There followed a discussion back and forth between Justin and myself. The discussion has moved away from anything to do with trans* issues, which is fine with me because my point, and I think Justin’s too, was about something bigger: the role of justice and activism in Buddhist tradition. I won’t try to recap the discussion here because the link is available for those who haven’t seen it. I’ll just refresh your memory by quoting Justin’s most recent comment: Continue reading
On his American Buddhist Perspective blog, my friend Justin Whitaker recently posted an interesting interview on the experience of trans* people in American Buddhism. Justin uses “trans*” as a shorthand for “transgender”, “transsexual”, “transvestite” and similar terms – to denote people who have become or attempted to become, in some respect, a gender different from the one associated with their biology at birth. It is clear to me that trans* people in the US face various forms of unjust discrimination. Where the tricky questions get raised is when the struggle against that injustice intersects with Buddhism – as, for that matter, when the struggle against any injustice intersects with Buddhism. Justin and I began a conversation about this in the comments to that post, and I’d like to continue that conversation in more detail here. Continue reading
My previous two substantive posts, on Thomas Kasulis’s intimacy/integrity distinction, went in opposite directions from one another. Two weeks ago I noted how the intimacy/integrity distinction seems to divide into two separate distinctions – an ontological one of internal vs. external relation between things, and an epistemological one of affective somatic “dark” knowledge vs. public self-reflective knowledge. Kasulis writes as if internal relation and affective somatic knowledge are all part of the same complex and vice versa, but Hegel and the Pali Buddhist texts seem to cross these divides, such that the Pali literature places external relation with affective somatic knowledge and Hegel the opposite.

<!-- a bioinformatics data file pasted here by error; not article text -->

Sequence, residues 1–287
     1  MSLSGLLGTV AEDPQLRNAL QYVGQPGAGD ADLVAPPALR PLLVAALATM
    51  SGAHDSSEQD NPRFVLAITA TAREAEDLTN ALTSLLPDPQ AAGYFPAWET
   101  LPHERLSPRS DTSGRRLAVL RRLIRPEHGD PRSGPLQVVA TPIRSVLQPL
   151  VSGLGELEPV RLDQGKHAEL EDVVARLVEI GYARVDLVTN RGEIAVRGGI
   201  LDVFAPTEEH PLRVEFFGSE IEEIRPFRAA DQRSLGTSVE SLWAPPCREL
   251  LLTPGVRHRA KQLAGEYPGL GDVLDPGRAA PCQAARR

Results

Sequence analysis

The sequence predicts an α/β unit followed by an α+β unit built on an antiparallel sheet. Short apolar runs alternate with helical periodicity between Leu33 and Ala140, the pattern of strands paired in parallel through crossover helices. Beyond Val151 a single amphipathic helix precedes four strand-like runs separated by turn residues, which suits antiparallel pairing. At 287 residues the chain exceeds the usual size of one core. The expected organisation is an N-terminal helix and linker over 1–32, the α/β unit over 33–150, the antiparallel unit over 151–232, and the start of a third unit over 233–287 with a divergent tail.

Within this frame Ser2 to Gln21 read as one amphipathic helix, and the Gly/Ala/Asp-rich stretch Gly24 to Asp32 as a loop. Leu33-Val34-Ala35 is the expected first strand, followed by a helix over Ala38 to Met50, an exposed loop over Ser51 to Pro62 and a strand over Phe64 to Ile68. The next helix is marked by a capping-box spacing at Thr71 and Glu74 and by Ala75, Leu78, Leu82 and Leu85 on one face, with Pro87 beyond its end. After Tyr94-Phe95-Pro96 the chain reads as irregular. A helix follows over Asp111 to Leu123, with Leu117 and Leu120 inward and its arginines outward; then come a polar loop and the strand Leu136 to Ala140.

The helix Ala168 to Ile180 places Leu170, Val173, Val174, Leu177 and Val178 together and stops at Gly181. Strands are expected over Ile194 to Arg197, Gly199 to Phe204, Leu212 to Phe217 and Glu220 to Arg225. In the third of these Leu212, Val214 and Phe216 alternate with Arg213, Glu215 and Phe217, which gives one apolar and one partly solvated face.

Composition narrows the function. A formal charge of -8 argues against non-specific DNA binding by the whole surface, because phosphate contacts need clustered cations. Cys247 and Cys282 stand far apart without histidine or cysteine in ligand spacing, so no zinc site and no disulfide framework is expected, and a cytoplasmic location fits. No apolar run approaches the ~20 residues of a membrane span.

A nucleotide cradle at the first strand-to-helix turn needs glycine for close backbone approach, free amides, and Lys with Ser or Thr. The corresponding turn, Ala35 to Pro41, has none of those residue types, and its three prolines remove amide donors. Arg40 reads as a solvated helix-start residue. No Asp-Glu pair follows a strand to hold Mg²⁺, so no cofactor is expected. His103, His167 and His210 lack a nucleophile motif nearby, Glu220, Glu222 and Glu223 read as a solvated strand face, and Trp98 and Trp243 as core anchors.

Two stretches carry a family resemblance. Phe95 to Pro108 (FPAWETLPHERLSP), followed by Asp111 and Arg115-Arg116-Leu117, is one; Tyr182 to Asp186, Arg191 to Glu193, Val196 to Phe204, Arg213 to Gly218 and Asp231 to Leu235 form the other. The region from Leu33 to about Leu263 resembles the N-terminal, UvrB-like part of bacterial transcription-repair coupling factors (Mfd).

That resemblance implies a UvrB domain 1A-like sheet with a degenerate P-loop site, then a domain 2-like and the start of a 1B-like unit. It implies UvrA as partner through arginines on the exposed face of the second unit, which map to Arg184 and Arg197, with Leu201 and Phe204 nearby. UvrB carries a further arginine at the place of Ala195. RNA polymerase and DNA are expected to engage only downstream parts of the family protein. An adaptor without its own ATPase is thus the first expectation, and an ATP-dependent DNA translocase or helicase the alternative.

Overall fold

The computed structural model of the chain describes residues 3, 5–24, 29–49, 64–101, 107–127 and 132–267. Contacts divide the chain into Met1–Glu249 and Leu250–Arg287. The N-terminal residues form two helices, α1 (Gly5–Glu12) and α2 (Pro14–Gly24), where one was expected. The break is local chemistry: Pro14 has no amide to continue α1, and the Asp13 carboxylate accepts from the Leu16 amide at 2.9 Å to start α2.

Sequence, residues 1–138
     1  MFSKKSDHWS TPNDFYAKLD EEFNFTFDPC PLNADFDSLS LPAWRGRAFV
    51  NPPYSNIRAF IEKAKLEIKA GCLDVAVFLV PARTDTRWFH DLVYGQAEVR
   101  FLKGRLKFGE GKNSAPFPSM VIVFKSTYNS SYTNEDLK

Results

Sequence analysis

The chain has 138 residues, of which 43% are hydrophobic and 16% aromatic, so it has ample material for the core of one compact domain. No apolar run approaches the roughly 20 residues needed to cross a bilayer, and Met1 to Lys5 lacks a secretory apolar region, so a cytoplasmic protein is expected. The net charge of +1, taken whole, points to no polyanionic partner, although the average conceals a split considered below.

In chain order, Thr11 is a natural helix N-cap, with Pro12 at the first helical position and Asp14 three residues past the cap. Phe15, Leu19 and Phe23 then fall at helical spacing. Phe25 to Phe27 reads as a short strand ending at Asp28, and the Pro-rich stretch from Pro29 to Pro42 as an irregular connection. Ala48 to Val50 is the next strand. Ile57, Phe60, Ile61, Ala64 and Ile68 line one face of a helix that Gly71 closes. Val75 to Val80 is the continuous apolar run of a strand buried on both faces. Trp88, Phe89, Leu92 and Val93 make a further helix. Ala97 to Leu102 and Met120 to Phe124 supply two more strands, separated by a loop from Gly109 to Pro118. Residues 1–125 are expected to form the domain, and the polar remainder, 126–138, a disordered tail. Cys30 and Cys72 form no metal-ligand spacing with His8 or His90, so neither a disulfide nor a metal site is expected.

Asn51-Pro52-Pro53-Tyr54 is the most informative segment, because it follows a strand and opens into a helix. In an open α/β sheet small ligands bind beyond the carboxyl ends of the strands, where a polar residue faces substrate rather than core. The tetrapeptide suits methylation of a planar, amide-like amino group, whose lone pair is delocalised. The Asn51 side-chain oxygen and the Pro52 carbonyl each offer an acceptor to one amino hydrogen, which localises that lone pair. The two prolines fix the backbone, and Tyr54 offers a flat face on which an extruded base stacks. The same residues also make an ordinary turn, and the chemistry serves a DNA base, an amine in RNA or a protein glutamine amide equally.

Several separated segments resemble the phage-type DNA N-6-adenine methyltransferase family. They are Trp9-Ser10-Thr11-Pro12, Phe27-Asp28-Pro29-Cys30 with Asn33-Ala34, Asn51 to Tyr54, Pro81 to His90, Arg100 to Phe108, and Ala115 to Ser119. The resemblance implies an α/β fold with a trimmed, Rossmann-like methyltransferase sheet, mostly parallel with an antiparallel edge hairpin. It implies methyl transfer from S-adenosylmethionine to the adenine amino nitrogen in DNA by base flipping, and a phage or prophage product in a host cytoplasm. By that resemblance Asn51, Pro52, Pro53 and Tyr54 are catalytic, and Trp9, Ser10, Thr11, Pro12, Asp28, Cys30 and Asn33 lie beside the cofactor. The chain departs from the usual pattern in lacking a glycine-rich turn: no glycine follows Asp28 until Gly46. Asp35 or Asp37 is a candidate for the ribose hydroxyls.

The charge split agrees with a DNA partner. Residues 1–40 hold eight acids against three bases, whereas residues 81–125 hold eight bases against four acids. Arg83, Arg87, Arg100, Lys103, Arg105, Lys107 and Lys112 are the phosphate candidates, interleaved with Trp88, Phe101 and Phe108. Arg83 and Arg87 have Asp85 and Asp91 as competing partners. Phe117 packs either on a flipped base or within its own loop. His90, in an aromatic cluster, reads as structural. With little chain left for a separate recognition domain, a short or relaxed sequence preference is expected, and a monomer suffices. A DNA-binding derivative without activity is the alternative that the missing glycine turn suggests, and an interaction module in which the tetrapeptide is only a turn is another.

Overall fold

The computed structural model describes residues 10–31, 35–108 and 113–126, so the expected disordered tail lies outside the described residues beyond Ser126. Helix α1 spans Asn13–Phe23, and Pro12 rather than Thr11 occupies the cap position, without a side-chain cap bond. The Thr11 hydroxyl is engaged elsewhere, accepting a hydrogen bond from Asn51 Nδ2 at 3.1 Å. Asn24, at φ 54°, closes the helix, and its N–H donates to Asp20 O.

Last week, though, I aimed to show that the connection Kasulis assumes between these aspects is a real one. What I pointed out was that an internal relation between existent things implies an internal relation between knower and known, and that this implies an affective somatic kind of knowledge – as an external relation between things implies an external relation between knower and known, and therefore a public and self-reflective kind of knowledge.
But if this is so, what do we do with the exceptional cases of Hegel and the Pali literature, which seem to involve one but not the other? Continue reading
Goenka, born in Burma, was a pioneer – really the pioneer – of what is now known as vipassanā meditation. This term vipassanā (usually translated “insight”) is found in the classical Pali texts, and so is the Satipaṭṭhāna Sutta from which Goenka originally drew the meditation technique. Notably, though, the term vipassanā does not show up in the Satipaṭṭhāna Sutta itself. And that detail, I think, is telling about Goenka’s whole project.